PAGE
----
Armadale, the bay and the remains of Armadale Inn
| Caithness, Sutherland|
and Easter Ross
The population of Armadale is around 50, and shrinking.
Armadale is first mentioned in charters in the 13th century as part of the parish of Farr. There was a small fishing hamlet consisting of two or three houses north of the village before the year 1600 called Port Moir.
At the north end of the village is Armadale Salmon Fishery, owned by James "Jukesy" Mackay.
The name of the village is from Old Norse. There is a like-named village, Armadale, Skye, in Inverness-shire.
Sutherland's Armadale gives a name to the town of Armadale in West Lothian. It is also the original of a suburb named 'Armadale' in Victoria, Australia.
In the centre of Armadale in Sutherland stand the ruins of an old inn, which was open in the early 19th century and was run by one Alexander Munro who was a boat builder and house carpenter and his wife Barbara Mackay. Their grandson, James Munro, was born and schooled in the village. He moved to Australia and eventually rose to become the 15th Premier of Victoria. It was from him that the Armadale in Victoria takes its name.
William Honyman (whose mother, Margaret, was a daughter of John Mackay of Strathy) bought the estate from his grandfather about 1779 and built a new mansion at Armadale. The Armadale estate under the ownership of Honeyman was the first to bring the North Country Cheviot to Sutherland. William Honeyman, as a judge of the Court of Session took the title of “Lord Armadale of Strathy”. Honeyman removed the tenants that lived on both sides of the Armadale burn and settled them where the village is now before 1800.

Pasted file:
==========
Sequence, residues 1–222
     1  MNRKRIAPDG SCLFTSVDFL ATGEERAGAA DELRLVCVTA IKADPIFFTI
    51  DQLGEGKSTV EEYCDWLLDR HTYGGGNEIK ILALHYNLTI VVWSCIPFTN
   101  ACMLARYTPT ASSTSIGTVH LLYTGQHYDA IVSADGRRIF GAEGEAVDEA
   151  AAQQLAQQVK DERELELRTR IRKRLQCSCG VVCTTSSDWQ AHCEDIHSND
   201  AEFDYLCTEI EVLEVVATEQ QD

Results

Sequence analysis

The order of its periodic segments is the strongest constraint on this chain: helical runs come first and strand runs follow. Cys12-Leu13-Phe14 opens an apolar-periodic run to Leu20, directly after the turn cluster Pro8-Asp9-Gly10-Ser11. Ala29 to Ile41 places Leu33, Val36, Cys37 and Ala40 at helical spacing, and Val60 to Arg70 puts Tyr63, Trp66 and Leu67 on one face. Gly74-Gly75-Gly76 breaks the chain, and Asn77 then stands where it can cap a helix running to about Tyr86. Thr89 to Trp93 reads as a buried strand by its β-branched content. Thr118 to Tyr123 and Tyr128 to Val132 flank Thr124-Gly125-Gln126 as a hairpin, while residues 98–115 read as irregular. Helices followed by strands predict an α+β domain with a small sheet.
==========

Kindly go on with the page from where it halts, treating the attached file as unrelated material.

In 1812 the Armadale Farm extended from the burn of Kirtomy in the west to the water of Strathy in the east, some six miles along the seashore and four miles inland and contained about fifty acres of green pasture and arable land. Honeyman sold the estate to the Duke of Sutherland in 1813 for the sum of £25,000 On a map of 1823 by John Thompson and William Johnson both the old Armadale and the new Armadale Fishing Village are shown. The present layout of the village was designed in 1855. Two miles west of Armadale is the deserted township of Poulouriscaig, this was a post “Clearance” village of seven houses that was settled in the 1830s and the last family had left by 1935 and moved into the present village.
Since 2006, five new houses have been erected, two by the council to encourage more people into the area, and three private builds. Armadale has an old school house, doctor's house (both of which are now owned privately properties) and a small village hall, used for the Strathy and Armadale Grazing Committee meetings and such. Armadale also has a doctor's surgery and the south end, which is the main surgery for places as far out west as Skerray and east as Melvich.
About the village
At the north end of Armadale is a point called Reismeave, which is a good local fishing spot and great for seeing the coastal birds such as the oystercatcher, rock dove and the famous puffin. Growing at this point is the famous and extremely rare Primula scotica, the Scottish primrose, although often very hard to find.
Armadale beach is a six hundred yard stretch of golden sands, offering good tanning and picnic spots during the summer months and two burns flowing either side of the beach, splitting it into three sections. The beach is at its best during the summer, which attracts surfers and body boarders, but the best time to go surfing is from late August to October. The rocks surrounding the bay are excellent for rock pooling and climbing. The beach is accessible by either Armadale itself, or parking near the eastern bridge, and heading down a small track.
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